Fintech companies: friend or foe
One of the most persistent myths in the banking industry today is that Fintechs and banks are natural competitors. It’s my view that Fintechs need not be a threat to large financial institutions – quite the reverse.
In fact, in forward-thinking banks there is an increasing trend towards partnership with Fintechs. Banks are seeing this new relationship as an opportunity to streamline their operations and become more competitive – promoting innovation in the process.
A global phenomenon
Fintech is rapidly becoming a global phenomenon. Governments around the world are eager to ride on the coattails of this and reap the huge financial rewards it offers.
A combination of plentiful resources, a robust tech-centric culture and highly skilled engineers saw US businesses attract the lion’s share of Fintech investment between 2010 and 2015, at $36.1 billion, with notable success stories including the San Francisco-based payments company Stripe – valued at over $5 billion – and Credit Karma, a credit and financial management company valued at over $3 billion.
In Asia, India’s ecommerce industry is booming, with new Fintechs emerging to help process the huge number of online payments now being made. And China now commands a sizeable chunk of Fintech investment, at $3.5 billion, where the well-established Alipay has been joined by newer start-ups including online banking platform 91 Financial Information Service.
While FI-FinTech partnerships are on the rise, there’s still a lot of work to be done to convince some banks that Fintechs can work with them collaboratively rather than against them.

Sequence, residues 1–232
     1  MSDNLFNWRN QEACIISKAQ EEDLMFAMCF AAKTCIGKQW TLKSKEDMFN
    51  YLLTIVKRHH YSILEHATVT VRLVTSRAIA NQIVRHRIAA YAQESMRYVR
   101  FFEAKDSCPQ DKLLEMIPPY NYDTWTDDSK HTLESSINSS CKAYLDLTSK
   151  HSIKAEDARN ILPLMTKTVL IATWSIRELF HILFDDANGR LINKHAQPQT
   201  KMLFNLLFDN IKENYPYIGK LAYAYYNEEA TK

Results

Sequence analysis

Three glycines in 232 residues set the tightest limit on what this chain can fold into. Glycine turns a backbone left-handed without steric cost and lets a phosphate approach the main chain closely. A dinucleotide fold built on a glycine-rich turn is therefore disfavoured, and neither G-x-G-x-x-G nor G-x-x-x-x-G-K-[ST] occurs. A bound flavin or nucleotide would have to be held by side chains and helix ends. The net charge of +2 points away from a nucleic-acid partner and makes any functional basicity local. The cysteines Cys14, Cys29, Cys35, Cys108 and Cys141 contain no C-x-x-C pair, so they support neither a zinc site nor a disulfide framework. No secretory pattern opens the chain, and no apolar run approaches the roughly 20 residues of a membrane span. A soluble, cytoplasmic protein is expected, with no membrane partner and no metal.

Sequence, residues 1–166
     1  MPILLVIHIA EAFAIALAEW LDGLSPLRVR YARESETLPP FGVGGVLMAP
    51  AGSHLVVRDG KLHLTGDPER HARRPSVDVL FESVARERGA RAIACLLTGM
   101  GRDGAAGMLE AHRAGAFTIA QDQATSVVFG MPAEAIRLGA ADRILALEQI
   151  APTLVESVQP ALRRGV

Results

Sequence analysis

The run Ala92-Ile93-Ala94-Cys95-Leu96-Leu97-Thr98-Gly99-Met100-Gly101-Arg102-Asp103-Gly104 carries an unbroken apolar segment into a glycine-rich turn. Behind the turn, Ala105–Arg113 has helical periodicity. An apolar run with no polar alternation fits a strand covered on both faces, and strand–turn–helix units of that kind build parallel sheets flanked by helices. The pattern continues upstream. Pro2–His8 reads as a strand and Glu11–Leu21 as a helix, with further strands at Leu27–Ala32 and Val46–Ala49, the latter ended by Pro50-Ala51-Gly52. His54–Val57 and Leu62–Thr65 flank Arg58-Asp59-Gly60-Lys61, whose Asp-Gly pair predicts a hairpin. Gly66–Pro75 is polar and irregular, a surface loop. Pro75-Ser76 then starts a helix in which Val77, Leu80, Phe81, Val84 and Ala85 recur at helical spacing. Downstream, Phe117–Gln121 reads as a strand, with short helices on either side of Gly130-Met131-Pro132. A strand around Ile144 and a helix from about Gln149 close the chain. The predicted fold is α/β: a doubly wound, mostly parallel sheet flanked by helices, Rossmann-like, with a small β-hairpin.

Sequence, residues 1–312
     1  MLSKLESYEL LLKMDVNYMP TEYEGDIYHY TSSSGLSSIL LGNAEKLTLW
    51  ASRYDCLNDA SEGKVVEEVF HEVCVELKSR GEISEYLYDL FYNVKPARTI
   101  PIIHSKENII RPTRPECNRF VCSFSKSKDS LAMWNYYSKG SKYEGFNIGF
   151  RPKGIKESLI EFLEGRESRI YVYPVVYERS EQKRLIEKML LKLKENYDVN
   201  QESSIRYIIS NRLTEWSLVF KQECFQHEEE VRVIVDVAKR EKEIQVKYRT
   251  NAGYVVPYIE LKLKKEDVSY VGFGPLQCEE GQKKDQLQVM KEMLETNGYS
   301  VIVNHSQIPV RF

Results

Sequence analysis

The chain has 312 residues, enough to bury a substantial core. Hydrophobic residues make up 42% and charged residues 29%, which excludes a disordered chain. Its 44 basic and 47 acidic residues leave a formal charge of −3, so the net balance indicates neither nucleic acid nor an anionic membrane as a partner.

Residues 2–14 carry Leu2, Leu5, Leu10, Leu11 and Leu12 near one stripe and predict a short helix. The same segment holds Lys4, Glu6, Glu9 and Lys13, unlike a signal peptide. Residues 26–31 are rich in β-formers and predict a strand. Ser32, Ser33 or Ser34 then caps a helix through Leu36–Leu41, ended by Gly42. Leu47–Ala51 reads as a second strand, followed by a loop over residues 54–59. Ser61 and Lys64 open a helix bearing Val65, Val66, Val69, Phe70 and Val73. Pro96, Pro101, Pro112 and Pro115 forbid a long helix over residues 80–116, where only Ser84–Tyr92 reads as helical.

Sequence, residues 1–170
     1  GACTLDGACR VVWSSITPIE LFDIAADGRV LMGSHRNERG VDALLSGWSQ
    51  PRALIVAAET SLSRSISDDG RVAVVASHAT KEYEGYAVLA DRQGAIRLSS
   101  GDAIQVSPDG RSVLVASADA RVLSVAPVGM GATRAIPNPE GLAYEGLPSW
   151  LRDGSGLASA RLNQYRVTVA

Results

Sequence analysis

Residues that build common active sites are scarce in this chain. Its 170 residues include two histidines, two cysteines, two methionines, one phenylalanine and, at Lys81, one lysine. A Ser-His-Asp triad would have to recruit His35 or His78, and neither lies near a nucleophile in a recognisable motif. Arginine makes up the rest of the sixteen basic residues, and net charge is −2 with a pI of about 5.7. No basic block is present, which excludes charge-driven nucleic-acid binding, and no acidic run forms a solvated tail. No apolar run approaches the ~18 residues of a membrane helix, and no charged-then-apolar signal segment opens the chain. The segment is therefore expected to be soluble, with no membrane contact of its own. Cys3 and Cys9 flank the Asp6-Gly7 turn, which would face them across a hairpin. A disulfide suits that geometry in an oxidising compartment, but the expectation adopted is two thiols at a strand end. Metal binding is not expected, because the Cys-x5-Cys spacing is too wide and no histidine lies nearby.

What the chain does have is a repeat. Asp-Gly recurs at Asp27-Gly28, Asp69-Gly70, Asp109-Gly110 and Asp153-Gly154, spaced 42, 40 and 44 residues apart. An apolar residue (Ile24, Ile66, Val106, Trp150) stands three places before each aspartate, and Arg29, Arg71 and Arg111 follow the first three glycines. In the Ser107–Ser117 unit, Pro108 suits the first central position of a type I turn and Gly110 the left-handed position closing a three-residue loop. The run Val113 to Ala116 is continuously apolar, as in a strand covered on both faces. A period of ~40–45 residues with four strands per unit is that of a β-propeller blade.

The perception by some banks seems to be that Fintechs are on a crusade to bring them down – yet many progressive financial institutions have opened their doors to Fintechs via Hackathons and incubators, amongst other means, and are investing heavily in this sector:
- Spain’s BBVA bought U.S. digital bank Simple last year, made an investment in January in bitcoin exchange and wallet provider Coinbase, and has launched an instant funds transfer service through Dwolla, an all-digital payments start-up.
- Santander has been referring small UK businesses to peer-to-peer lending service Funding Circle, as part of a partnership between the bank and the Fintech company.
- Yes Bank in India gained millions of new potential customers in one fell swoop when it partnered with a Fintech upstart called MatchMove to offer people without a credit card, credit history or even a bank account, a way to store and spend money.
- Malaysian bank Maybank now collaborates with Sage One to offer a new digital banking solution for SMEs in Malaysia that enables them to undertake instant electronic payments via online and mobile banking channels, directly from their Accounting and Payroll software.
It’s clear that forward-thinking FIs have been quick to leverage the speed and agility that Fintech’s offer, both to seize new market opportunities and to adapt to the ever-evolving financial service landscape.
More Fintechs, offering a greater range of services, in an ever-expanding number of territories across the globe. Where some see growing threat, others will see the opposite – growing opportunity.
For more on SME fintech and enhancing your digital banking proposition for small businesses – visit the financial institutions tab in our resources section